Don’t get me wrong, I don’t have a singing voice either. What sustains me is that other people do. That’s the thing about church. When I can’t gather the courage to ‘Go Tell it on the Mountain,’ I hear choirs singing on my behalf.  Three year olds sing off-key: ‘clop, clop, clop, little grey donkey.’ Willa May Young, Ellen Harris, Joanne Cole, Ed Thomas, and Ed’s dad, Herman who is 88 at least, they make magic with Comfort, Comfort You my People.

I have no words to match the truth one hears between the notes. Between the words of those advent hymns, I hear a whisper of hope that is so deep and so profound that I am left speechless. Shamelessly I rely on a host of angels, to sing the words so I can listen for the promise of delivery in the face of what seems to be an unimaginable labor.

Still. Still. Still,

Wouldn’t that be something?

O Come. O Come Emmanuel,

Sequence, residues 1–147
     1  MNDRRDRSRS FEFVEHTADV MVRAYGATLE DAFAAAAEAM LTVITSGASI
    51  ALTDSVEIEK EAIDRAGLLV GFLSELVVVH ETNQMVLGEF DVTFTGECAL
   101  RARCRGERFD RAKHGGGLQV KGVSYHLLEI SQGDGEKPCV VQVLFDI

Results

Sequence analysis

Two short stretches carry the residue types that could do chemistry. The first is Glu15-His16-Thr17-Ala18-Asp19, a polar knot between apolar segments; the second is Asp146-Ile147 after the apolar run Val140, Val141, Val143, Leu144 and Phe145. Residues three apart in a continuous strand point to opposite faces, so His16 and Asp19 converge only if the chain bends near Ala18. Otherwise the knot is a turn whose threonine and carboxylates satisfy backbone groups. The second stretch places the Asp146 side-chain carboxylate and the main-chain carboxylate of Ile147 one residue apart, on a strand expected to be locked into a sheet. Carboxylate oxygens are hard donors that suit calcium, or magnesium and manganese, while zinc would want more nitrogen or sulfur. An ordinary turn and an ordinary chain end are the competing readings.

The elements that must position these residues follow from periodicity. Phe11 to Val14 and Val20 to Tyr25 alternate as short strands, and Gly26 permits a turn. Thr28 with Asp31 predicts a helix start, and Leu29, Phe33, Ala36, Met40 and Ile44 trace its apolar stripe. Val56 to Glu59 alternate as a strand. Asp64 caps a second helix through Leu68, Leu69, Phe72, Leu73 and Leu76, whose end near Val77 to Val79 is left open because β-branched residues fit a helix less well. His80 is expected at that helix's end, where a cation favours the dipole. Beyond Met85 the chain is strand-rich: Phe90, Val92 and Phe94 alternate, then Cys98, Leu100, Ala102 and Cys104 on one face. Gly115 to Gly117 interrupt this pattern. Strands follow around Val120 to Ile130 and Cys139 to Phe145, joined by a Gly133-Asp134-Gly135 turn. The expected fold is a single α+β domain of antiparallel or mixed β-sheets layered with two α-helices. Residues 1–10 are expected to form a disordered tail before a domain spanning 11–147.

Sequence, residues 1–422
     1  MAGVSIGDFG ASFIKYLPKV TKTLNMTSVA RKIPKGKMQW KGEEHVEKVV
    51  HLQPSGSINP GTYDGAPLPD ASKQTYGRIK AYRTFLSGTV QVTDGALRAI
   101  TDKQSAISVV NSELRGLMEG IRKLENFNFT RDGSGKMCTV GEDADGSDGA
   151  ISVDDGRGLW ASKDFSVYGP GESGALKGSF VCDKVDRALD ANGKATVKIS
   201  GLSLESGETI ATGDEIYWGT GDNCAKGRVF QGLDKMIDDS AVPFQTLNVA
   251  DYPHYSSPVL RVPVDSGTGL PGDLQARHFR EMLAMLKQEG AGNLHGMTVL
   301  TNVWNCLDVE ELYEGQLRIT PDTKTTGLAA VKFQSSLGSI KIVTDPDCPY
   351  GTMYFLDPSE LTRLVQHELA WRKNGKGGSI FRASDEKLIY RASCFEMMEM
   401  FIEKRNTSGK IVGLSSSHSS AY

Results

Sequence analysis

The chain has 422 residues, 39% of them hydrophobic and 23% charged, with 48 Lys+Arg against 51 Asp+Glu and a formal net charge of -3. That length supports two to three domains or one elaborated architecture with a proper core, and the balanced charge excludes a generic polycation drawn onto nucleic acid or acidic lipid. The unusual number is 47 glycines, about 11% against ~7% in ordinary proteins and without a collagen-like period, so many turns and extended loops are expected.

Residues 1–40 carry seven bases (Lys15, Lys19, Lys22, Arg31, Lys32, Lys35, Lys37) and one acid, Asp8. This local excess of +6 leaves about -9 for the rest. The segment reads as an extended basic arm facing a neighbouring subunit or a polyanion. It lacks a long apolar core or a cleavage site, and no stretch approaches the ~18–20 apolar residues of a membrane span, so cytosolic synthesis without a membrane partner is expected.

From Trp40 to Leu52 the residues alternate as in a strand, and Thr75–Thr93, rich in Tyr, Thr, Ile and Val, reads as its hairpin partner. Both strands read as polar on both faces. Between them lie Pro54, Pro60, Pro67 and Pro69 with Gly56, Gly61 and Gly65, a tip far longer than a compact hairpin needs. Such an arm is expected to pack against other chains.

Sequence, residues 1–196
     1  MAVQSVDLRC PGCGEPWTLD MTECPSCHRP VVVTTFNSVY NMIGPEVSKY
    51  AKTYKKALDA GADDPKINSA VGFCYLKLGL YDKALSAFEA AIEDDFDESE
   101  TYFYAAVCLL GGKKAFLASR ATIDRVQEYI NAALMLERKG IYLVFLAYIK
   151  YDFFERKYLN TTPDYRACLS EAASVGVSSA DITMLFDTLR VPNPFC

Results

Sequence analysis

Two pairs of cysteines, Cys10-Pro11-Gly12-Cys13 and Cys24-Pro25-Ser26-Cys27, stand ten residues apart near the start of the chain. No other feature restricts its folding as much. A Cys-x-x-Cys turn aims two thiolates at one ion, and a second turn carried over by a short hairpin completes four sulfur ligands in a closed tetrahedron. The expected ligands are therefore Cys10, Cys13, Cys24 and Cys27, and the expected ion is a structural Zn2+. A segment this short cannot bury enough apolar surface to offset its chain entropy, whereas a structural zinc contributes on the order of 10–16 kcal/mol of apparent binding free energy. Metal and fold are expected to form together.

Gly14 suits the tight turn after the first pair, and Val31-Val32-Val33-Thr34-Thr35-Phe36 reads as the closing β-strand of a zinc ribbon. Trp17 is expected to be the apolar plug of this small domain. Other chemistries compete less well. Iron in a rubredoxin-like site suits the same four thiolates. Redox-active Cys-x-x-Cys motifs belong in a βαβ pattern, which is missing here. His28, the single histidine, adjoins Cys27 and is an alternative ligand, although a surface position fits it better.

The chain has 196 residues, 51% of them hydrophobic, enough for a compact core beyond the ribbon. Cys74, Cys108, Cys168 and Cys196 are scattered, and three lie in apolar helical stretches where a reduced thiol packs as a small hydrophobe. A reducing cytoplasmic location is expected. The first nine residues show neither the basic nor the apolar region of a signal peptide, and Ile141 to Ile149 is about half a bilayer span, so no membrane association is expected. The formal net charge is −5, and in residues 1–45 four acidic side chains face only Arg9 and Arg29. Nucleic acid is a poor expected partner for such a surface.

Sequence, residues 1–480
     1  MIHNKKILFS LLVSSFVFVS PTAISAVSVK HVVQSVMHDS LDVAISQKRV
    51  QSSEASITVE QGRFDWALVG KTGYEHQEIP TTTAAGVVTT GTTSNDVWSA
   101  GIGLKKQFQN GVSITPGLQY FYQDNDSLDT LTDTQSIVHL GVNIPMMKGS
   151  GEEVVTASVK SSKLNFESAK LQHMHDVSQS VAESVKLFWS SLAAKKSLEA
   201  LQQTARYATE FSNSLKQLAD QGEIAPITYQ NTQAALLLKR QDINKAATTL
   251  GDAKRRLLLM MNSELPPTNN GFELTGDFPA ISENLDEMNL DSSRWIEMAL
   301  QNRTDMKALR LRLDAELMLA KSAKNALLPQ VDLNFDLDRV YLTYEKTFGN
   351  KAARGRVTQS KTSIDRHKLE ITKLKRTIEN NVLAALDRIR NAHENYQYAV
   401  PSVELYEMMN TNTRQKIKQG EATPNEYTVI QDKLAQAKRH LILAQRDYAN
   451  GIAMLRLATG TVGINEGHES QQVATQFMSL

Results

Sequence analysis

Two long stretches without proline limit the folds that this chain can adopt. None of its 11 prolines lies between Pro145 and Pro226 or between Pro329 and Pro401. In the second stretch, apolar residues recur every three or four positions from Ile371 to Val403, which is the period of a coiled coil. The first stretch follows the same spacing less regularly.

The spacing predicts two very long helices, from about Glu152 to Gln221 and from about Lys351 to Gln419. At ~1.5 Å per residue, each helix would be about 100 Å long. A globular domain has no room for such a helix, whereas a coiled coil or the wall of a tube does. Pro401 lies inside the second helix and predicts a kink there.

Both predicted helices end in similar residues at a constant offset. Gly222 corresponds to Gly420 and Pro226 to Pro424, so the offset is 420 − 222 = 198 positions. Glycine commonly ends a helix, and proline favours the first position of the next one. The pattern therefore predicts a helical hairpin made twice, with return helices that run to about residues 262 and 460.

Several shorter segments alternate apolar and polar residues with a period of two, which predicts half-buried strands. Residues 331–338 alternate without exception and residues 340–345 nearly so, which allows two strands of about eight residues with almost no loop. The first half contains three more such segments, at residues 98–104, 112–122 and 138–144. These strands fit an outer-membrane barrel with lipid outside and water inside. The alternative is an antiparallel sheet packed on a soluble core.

My heart aches with that hope.


LRaibleLori Archer Raible is an associate pastor at Selwyn Avenue Presbyterian Church in Charlotte, NC. A graduate from Union Presbyterian Seminary in Charlotte, Lori is passionate about connecting people to one another through faith and community. Most of her free time is spent running both literally as a spiritual discipline and metaphorically to and from carpool lines. Deep within her is a writer vying for those precious minutes. 

Greatest Hit: Advent Worship Planning and Sermon Themes

This fall, in addition to sharing reflections on “what is saving your ministry right now?”, we are also bringing back some of our most popular posts over the last couple of years. We hope these “greatest hits” will allow you new insight in this busy time of year. We invite you to join the conversation here, on Facebook, or Twitter!

This post on Advent worship planning is one of our most popular posts in the history of the NEXT Church blog. We’ve updated it slightly below in hopes it becomes a fresh resource as you look towards December.